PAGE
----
Filmmaker Marlon T. Riggs produced an angry, defiant and in-your-face piece of work that was revolutionary in more ways than just the one. For starters, it reportedly unleashed a huge backlash from the Christian right in the US and Federal funding for the arts came under a real threat. Largely using the poetry of Essex Hemphill, who also appears in the piece, (Is it a documentary or is it a piece of art? I'm still not really 100% sure), along with storytelling, dramatisations, song, dance & movement, and talking heads mostly against a pitch-black background, Riggs lays it all out on what it meant to him to be a black gay man back in the late 80s. It's all here; the homophobia, the racism, the isolation and the loneliness suffered by many, but on the other hand, so also are the black gay activists, the protest marches, the "snap divas", the vogue dancers and the slowly emerging warm feeling of brotherhood amongst gay men of colour. We needed to unite and untie our tongues, was the message, otherwise we would forever remain oppressed and forever remain unheard. It's a reference to "Tongue-Tied in Black and White", a poem by Michael Harper in which he expounds on how the mores and languages of a dominant culture can stifle the creativity of peoples within that culture.

Well, that was then. It was a different era. An era where AIDS was cutting a huge swathe through black gay communities not just over there in the US but here in the UK too. 1989 (which is when this was originally made) was a long time ago and when you consider the fact that a man born in that year would be 19 years old now, it's entirely possible that some people, younger black gay men in particular, might dismiss this film as a fluffy piece of nostalgia. That would be a mistake in my view, as there's a lot to be learned here. It may be from an African-American perspective but this movie documents a crucial time in the history of black gay men and as with all things, it's difficult if not impossible to have a full understanding of where you're going, if you have no idea where you came from.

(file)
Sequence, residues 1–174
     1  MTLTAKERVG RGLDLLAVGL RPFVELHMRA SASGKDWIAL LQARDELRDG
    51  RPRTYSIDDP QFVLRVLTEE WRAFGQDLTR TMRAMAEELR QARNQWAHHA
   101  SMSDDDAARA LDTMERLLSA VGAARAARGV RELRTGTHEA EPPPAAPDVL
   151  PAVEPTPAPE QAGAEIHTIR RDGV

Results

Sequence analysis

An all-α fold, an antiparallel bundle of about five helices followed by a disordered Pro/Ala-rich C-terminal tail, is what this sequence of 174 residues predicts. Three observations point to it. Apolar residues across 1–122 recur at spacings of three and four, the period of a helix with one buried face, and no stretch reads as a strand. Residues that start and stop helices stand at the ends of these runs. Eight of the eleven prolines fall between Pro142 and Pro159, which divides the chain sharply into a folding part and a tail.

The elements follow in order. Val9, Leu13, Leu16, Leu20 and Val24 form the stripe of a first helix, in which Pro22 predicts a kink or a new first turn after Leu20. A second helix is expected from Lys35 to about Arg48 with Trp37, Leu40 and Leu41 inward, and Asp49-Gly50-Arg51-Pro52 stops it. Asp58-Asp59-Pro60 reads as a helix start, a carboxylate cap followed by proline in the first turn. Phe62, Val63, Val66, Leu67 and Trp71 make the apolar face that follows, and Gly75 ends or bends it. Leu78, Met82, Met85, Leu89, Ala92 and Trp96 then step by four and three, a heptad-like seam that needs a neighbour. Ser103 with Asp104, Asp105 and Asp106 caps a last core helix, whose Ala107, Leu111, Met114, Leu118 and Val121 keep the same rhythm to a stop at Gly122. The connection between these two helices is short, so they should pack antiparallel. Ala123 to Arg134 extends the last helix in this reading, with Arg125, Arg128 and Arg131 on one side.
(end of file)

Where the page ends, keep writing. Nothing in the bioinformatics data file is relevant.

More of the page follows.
What I loved the most was that the piece recognised the diversity that existed and still exists among black homosexual males. Although there was much about the movie that I couldn't immediately identify with, there was also much that I could. Either way, I knew exactly what the movie was talking about because I knew the people the movie was talking about. In many instances, the movie was talking about me.

To suggest that hope died with Marlon Riggs and Essex Hemphill would probably be going a bit too far, but their passing was definitely a personification of the huge devastation wreaked on black gay men by AIDS between the early 80s and mid-90s. Our communities lost many true leaders and if you ask me, things have never really been the same since. We may have gained many things but we've paid an incredible price along the way. This is now.

DVD extras include newly released deleted scenes and outtakes, a 1991 interview with the director, Marlon T. Riggs and interviews with filmmaker Isaac Julien, AIDS activist Phill Wilson, spoken word artist Juba Kalamka and cultural critic Herman Gray.

Also recommended: Tongues Untied (Gay Verse), poems by Dirg Aaab-Richards, Craig G Harris, Essex Hemphill, Isaac Johnson & Assotto Saint; In the Life: A Black Gay Anthology, edited by Joseph Beam and Brother to Brother: New Writings by Black Gay Men, edited by Essex Hemphill."
Marlon kills the silence!
Sam Jennings | Orlando, Fl USA | 09/04/2000
(5 out of 5 stars)

"I always feel better about being Black and gay after viewing TONGUES UNTIED."
Great movie
Mecca Egypt | Gardena, CA United States | 01/24/2002
(5 out of 5 stars)

"I could identify with many of the thoughts, poems and portrayals in the movie. Being in the life, I could certainly see where they were coming from. They talked about everything from going to white clubs, the art of snapping, vouging (it never died, ..., we started it and we're still doing it). This movie is just great. If you're a black gay /SGL/ homosexual/ whatever-you- wanna-deem-yourself male you MUST watch this movie. I love this film. It'll make you think and laugh and make you proud to be who YOU are."